Getting away from it all: Underwater Florida hotel named as one of world’s …
By Daily Mail Reporter
Last updated at 5:36 PM on 26th September 2010
An underwater motel in Key Largo, Florida, has made it onto an exclusive list of the best places to escape from everything.
To enter the Jules Undersea Lodge guests have to scuba dive 21ft through a lagoon before they even get to step – or swim – through an entrance at the bottom of the hotel.
It joins nine other hotels named as the most remote by the US Forbes magazine.
Beating the crowds: The only interruption is the fish in the Jules Undersea Lodge
Oh I do like to be beside the seaside: The Jules Undersea Lodge at Key Largo in Florida is a former underwater laboratory accessible via a 21ft scuba dive
FORBES’ TOP TEN REMOTE HOTELS
1. Bloomfield Lodge, Cairns, Australia
2. Winterlake, Alaska, US
3. Kokopelli’s Cave, New Mexico, US
4. Jules Undersea Lodge, Florida, US
5. The Andean Cottage, Peru
6. The Beach House at Manafaru, Maldives
7. Desroches Island Resort, Seychelles
8. Hotel Arctic, Greenland
9. Petit St Vincent Resort, St Vincent and the Grenadines
10. Garvault Hotel, Sutherland, Scotland
The lodge may be underwater but it boasts that it can still offer guests “creature comforts” where guests can watch the fish from the windows while experiencing a “wonderful adventure in undersea living”.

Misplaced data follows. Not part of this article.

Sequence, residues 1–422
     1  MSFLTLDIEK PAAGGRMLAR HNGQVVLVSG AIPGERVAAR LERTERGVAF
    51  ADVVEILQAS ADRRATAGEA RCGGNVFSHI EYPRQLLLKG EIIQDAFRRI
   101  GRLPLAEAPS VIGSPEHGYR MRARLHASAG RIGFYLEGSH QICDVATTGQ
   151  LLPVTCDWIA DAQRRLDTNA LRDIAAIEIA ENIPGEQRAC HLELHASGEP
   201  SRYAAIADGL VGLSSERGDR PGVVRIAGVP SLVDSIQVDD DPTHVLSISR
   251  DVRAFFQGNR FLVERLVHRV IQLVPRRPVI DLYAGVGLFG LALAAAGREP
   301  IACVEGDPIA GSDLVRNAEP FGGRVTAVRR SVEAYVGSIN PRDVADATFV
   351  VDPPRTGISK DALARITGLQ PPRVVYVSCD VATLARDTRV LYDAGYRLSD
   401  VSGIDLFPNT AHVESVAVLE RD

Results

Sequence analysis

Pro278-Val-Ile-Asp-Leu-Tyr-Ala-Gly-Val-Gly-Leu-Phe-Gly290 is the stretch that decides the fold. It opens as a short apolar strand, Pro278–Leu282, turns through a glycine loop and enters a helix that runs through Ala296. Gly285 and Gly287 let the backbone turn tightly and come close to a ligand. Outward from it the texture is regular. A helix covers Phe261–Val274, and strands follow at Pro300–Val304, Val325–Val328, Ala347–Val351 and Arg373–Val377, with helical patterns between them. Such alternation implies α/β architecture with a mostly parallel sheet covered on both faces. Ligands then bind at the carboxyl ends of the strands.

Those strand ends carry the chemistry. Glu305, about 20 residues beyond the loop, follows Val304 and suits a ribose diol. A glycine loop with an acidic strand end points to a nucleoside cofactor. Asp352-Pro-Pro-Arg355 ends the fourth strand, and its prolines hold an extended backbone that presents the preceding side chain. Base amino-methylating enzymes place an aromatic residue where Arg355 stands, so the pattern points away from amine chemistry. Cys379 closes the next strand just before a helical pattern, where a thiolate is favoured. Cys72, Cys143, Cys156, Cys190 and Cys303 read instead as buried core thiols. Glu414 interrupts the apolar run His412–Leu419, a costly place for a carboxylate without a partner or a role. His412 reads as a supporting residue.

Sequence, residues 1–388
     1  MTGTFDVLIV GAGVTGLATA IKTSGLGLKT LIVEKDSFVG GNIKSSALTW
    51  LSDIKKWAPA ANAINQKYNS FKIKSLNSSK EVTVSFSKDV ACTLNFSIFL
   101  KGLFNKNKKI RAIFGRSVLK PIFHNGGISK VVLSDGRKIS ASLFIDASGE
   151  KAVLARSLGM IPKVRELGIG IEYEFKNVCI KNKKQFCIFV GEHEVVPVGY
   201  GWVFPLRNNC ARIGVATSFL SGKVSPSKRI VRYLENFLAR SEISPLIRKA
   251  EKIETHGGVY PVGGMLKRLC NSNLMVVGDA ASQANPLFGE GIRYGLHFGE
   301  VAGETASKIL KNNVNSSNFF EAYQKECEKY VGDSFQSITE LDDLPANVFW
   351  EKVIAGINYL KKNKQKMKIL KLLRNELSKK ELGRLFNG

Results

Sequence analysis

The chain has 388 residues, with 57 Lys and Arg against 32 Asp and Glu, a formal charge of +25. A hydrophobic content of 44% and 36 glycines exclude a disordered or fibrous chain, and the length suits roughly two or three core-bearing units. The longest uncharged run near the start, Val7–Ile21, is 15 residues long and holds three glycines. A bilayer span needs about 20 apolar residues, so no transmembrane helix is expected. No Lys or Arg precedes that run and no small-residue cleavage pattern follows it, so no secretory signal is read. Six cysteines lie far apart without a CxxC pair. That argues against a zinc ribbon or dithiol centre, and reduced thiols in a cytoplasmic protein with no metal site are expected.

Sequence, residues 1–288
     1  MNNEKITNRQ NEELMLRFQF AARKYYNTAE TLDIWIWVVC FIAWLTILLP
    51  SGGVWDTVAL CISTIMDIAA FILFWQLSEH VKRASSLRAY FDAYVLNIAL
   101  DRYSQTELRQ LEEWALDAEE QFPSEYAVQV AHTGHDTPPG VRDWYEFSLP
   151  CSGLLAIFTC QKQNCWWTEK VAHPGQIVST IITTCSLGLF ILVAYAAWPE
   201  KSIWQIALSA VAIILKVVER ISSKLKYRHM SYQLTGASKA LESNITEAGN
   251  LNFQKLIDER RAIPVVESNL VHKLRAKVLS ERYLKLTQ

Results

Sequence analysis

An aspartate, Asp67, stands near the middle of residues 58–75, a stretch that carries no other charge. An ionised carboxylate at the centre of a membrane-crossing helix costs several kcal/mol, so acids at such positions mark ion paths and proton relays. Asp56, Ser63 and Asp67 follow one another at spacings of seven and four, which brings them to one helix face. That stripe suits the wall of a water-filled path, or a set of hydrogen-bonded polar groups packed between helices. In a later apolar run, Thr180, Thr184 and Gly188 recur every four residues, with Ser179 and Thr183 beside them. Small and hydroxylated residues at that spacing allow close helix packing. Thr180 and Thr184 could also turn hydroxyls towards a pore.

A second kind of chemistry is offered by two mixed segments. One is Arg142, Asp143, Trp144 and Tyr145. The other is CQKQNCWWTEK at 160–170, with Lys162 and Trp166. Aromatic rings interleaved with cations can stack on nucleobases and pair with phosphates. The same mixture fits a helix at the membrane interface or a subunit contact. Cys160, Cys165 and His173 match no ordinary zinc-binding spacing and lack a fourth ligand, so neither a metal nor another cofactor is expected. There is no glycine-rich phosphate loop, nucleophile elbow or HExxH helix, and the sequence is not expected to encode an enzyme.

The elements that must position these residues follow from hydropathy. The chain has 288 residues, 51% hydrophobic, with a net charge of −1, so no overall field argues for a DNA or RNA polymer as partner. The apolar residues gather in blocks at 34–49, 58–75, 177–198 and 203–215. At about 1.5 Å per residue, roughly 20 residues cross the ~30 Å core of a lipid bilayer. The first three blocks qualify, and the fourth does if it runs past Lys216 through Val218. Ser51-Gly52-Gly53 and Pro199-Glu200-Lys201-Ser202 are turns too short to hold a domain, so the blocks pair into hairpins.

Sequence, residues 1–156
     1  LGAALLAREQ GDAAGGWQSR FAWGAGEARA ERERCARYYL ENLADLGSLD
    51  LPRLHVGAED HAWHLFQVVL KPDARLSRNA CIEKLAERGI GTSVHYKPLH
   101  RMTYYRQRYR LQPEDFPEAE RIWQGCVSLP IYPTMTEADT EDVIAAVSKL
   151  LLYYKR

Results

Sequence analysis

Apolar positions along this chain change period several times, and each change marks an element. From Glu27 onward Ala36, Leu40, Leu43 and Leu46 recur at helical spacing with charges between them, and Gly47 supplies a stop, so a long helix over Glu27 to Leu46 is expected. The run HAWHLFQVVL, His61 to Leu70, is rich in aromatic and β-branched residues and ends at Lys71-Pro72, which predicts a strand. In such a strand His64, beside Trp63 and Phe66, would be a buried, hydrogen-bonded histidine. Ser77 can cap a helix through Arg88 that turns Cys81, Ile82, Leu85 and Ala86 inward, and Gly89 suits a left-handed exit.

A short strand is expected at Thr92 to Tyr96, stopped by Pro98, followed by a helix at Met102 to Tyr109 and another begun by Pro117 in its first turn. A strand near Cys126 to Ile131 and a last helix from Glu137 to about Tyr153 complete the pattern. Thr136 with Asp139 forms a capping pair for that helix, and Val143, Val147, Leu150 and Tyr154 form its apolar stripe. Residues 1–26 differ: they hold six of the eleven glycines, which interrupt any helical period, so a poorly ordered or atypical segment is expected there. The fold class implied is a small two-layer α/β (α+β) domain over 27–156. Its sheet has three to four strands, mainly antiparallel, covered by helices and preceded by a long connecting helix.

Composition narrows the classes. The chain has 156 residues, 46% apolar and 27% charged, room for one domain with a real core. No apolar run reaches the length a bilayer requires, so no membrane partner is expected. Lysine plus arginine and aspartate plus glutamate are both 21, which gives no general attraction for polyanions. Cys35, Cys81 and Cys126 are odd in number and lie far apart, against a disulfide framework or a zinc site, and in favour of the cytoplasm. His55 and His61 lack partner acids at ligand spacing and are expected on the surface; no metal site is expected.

Other hotels on the list include Kokopelli’s Cave in New Mexico, which is 70ft underground and carved near the Mesa Verde National Monument and guests have to clamber down a ladder to reach the entrance.
The hotel, which is carved from 65-million-year-old sandstone rock prides itself on remarkable views and, built deep within a cliff, guarantees visitors peace and quiet.
And for those who really want to escape any kind of distraction, the Winterlake Lodge in Alaska offers a tiny but, most importantly, extremely remote destination.
Visitors can expect spectacular scenery at the lodge, which is built on Alaska’s historic Iditarod Trail, and are promised seclusion during their stay.
Going to new depths: Kokopelli’s Cave promises peace and quiet
Oh, so quiet: The Winterlake Lodge in Alaska guarantees seclusion
Monte Burke, of Forbes, told The Daily Telegraph: ‘Why a remote hotel?
‘In this super-connected world, vacations often just become mobile work offices.
‘At these remote hotels, especially if you build in time for actually getting there and back, you can really find that restorative solitude.
‘And while some of these hotels are pretty pricey, going remote doesn’t always means breaking the bank.’
Brrrrrr: Hotel Arctic, situated on the edge of the Ilulissat Ice Fjord in Greenland offers an igloo experience
Lap of luxury: The Desroches Resort is on an island in the Seychelles, just 6km long and 1km wide (aerial view below)